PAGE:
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I imagine this is basic analysis material which someone who isn't me knows off the top of their head:

Given a function $f$, we may define the difference quotient $q(x, y) = \frac{f(y) - f(x)}{y - x}$. The derivative of $f$ at some point $x$ is of course standardly defined as $\lim_{y \to x} q(x, y)$, but I'm interested in the existence of the stronger limit $\lim_{(a, b) \to (x, x), a \neq b} q(a, b)$. Let us say this limit defines the "strong derivative" of $f$ where it exists. Of course, if $f$ has a strong derivative at a point, then it also has a derivative at that point, and they match. But there are cases of functions which are differentiable at a point but not strongly differentiable (for example, the standard pathological $x^2 \sin(1/x)$ at the origin).

Wherever a function is continuously differentiable, it is also strongly differentiable. I am curious as to whether this sufficient condition is also necessary, and, if not, whether any other nice characterization can be given for strong differentiability. And, in general, I am curious as to the extent to which theorems and curiosities about derivatives carry over or don't carry over to strong derivatives.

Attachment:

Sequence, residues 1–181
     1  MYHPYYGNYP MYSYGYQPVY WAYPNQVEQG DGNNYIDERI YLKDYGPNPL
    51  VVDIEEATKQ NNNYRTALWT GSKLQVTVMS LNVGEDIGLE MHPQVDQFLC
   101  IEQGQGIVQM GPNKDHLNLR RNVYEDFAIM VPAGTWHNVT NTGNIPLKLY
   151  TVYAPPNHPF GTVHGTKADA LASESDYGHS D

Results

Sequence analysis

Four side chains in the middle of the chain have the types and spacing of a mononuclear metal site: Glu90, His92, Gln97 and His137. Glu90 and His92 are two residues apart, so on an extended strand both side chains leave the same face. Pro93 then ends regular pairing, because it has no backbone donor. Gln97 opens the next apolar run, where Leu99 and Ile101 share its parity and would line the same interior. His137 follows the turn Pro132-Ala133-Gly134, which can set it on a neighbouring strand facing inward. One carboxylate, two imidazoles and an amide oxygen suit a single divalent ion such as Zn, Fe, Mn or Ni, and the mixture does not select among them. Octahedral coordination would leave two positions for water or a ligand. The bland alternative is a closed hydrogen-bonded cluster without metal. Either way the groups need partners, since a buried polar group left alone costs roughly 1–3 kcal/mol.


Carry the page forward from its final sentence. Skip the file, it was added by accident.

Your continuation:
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I posted a lot of results and references relating to the strong derivative in my answer to “Strong” derivative of a monotone function. –  Dave L. Renfro Sep 5 '12 at 17:13

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I quote a nice theorem from Bourbaki, Fonctions d'une variable réelle.

Proposition 6. Let $I$ be an open interval and let $x_0$ be one of the two extremum points of $I$. Let $f$ be a vector function defined and continuous on $I$, whose codomain is a complete normed vector space $E$. We suppose that $f$ has a right derivative $f_d'$ at each point of the complementary set $B$ of a countable subset of $I$. A necessary and sufficient condition for $f_d'(x)$ to have a limit as $x \to x_0$ in $B$ is that $$\frac{f(y)-f(x)}{y-x}$$ has a finite limit $c$ as $(x,y)$ tend to $(x_0,x_0)$ with $x$, $y\in I$, $x\neq y$.

This statement is in the chapter Derivés of the French edition. It is not a complete answer to your question, but I hope you can read the proof, which has some interesting ideas that might help you. Please notice that Bourbaki's style is often too general, and you may try to relax some condition of the previous proposition.

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